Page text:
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In Vitro Observations of the Interactions between Pholiota carbonaria and Polytrichum commune and Its Potential Environmental Relevance

Illinois Natural History Survey, University of Illinois Urbana-Champaign, Champaign, IL 61820, USA
Department of Environmental Engineering, Duke University, Durham, NC 27708, USA
Department of Molecular and Cellular Biology, University of Illinois Urbana-Champaign, Champaign, IL 61820, USA
Department of Ecology and Evolutionary Biology, University of Tennessee, Knoxville, TN 37996, USA
Department of Plant Biology, University of Illinois Urbana-Champaign, Champaign, IL 61820, USA
School of Integrative Plant Science, Cornell University, Ithaca, NY 14850, USA
Author to whom correspondence should be addressed.
Life 2021, 11(6), 518;
Submission received: 30 April 2021 / Revised: 28 May 2021 / Accepted: 1 June 2021 / Published: 3 June 2021


Wildfires play a critical role in maintaining biodiversity and shaping ecosystem structure in fire-prone regions, and successional patterns involving numerous plant and fungal species in post-fire events have been elucidated. Evidence is growing to support the idea that some post-fire fungi can form endophytic/endolichenic relationships with plants and lichens. However, no direct observations of fire-associated fungal–moss interactions have been visualized to date. Therefore, physical interactions between a post-fire fungus, Pholiota carbonaria, and a moss, Polytrichum commune, were visually examined under laboratory conditions. Fungal appressoria were visualized on germinating spores and living protonemata within two weeks of inoculation in most growth chambers. Appressoria were pigmented, reddish gold to braun, and with a penetration peg. Pigmented, reddish gold to braun fungal hyphae were associated with living tissue, and numerous mature rhizoids contained fungal hyphae at six months. Inter-rhizoidal hyphae were pigmented and reddish gold to braun, but no structures were visualized on mature gametophyte leaf or stem tissues. Based on our visual evidence and previous work, we provide additional support for P. carbonaria having multiple strategies in how it obtains nutrients from the environment, and provide the first visual documentation of these structures in vitro.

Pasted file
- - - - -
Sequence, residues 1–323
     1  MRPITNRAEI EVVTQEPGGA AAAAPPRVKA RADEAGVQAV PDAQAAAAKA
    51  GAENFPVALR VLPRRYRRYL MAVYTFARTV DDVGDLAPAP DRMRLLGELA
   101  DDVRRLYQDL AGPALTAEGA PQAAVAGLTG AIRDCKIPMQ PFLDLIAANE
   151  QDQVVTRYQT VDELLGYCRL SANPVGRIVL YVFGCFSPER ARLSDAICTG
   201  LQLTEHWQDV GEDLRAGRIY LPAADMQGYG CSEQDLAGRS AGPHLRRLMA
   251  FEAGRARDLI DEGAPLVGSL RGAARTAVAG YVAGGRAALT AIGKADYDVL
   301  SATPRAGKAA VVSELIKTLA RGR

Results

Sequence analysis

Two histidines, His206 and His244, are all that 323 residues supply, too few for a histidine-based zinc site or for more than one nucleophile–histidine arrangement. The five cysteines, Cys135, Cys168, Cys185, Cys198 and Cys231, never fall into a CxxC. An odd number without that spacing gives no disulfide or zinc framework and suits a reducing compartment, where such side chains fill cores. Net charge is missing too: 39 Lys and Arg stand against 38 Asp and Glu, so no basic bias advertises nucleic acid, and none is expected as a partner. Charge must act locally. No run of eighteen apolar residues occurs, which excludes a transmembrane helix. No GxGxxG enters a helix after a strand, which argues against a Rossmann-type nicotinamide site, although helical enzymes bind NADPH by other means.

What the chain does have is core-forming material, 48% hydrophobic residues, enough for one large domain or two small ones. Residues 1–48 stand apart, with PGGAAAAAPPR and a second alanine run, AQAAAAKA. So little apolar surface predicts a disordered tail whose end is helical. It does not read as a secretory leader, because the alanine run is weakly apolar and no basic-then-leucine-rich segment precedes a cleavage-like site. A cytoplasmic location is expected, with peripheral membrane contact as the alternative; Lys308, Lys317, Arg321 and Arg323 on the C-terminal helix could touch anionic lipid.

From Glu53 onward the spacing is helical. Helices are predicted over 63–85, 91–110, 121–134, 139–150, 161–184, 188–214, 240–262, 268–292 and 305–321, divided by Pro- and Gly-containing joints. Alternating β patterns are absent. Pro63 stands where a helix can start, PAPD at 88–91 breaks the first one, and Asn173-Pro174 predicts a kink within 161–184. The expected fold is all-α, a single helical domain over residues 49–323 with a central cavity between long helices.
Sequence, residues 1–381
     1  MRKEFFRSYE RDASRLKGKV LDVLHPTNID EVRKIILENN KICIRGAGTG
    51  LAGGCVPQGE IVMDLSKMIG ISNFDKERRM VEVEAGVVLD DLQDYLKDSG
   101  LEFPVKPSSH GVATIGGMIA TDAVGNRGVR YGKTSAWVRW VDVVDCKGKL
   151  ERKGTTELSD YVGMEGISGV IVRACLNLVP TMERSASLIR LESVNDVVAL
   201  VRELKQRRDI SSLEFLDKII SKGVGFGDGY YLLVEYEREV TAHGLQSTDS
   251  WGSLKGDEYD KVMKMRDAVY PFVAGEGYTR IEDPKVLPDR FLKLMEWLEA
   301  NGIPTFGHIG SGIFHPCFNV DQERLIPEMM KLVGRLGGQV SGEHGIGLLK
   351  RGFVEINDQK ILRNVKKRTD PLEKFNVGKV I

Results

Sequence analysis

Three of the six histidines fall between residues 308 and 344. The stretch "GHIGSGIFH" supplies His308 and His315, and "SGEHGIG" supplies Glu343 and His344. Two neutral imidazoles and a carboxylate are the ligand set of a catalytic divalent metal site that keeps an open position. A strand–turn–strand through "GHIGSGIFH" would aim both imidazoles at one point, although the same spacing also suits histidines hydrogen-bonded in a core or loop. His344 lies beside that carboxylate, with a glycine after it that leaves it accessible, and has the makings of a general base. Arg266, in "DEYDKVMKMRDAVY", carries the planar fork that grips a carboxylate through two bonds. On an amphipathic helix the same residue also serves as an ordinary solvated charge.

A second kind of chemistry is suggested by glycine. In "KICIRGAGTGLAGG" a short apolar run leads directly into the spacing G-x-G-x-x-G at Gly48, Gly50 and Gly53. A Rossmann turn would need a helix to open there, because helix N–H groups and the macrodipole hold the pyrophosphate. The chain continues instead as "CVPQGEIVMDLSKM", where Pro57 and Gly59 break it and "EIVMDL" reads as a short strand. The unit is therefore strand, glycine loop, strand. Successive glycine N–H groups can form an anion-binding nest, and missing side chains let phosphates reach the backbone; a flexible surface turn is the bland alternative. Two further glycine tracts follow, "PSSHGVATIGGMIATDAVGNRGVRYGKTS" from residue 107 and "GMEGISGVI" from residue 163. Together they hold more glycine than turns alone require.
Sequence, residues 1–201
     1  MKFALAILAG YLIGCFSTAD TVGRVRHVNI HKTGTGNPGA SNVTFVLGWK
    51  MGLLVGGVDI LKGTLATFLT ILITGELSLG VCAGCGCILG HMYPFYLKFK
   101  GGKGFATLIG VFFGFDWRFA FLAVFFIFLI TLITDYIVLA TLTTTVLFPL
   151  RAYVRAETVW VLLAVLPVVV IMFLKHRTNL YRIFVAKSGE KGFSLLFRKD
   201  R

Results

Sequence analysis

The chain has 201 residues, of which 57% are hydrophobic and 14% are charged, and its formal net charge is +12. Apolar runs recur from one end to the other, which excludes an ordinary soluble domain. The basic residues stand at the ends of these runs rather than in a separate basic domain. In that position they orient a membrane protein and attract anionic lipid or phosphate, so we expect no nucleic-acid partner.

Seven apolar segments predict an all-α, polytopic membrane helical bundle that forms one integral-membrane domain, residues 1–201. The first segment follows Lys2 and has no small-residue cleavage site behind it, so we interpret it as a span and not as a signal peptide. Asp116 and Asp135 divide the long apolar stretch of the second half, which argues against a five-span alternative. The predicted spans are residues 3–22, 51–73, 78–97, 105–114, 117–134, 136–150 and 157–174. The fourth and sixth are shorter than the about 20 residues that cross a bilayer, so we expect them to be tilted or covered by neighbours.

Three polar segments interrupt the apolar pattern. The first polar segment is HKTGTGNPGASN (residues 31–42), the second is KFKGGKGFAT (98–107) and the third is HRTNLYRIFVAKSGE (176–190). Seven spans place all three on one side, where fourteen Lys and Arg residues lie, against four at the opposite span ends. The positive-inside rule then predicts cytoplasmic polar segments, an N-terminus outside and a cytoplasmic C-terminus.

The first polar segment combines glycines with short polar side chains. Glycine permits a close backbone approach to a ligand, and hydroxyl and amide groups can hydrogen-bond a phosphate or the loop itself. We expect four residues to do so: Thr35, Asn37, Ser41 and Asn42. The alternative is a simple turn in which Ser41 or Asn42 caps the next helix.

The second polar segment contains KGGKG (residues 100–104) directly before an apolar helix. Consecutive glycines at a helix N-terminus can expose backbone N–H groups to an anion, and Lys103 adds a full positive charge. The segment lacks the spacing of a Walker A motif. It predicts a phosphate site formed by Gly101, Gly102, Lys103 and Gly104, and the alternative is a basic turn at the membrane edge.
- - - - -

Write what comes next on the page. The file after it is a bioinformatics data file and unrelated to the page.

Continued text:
1. Introduction

Wildfires play a critical role in shaping ecosystems, maintaining biodiversity, and influencing ecological processes in fire-prone regions [1]. Early post-fire colonizers include fire-associated fungal and bryophyte species that often occur in close spatial proximity [2,3,4]. Early colonizers are believed to be important in ecosystem recovery through nutrient retention, binding soil particles, and serving as mycorrhizal inoculants [2,3]. Unfortunately, there is a knowledge gap in our understanding of post-fire early colonizer life strategies, particularly with respect to post-fire fungi.
Post-fire fungi are categorized into two main categories based on their response to fruiting in burnt habitats [5]: (1) fruiting occurs only after a fire, and (2) fruiting can occur at any time, but fruiting is enhanced after a fire. Anthracobia spp., Ascobolus spp., Morchella exuberans Clowez, Hugh Sm. and S. Sm., Peziza echinospora P. Karst., Plicaria spp., Psathyrella pennata (Fr.) A. Pearson and Dennis, Pholiota carbonaria (Fr.) Singer, Pyronema spp., and Rhizina undulata Fr. are some species that require fire to fruit. Fungal species with enhanced fruit body production after a fire include Hygrocybe conica (Schaeff.) P. Kumm., Mycena galericulata (Scop.) Gray, Sphaerosporella spp., and Thelephora terrestris Ehrh. [5].
Similar to post-fire fungi, there are species of mosses and liverworts that rapidly colonize burnt areas after a forest fire. They are often the first species to colonize burnt substrates, especially after intense fires, and their role at the beginning of succession should not be underestimated. These include, but are not limited to, Bryum argenteum Hedw., B. sauteri Bruch and Schimp., Campylopus introflexus (Hedw.) Brid., Ceratodon purpureus (Hedw.) Brid., Funaria hygrometrica Hedw., Polytrichum juniperinum Hedw., and the post-fire liverwort, Marchantia polymorpha L. [6,7]. Juvenile gametophytes of B. argenteum, C. purpureus, and F. hygrometrica typically appear around six weeks after a fire, whereas M. polymorpha typically appears after several months [8]. There is an apparent lack of knowledge concerning the colonization of bryophytes on burnt wood, which is an essential topic when planning forest restoration treatments that aim to increase biodiversity. In relation to P. carbonaria, basidiomata of this species start to appear about five months after a fire event and continue fruiting for at least 18 months [5], placing both fungal spores and maturing bryophytes in close temporal and spatial proximity.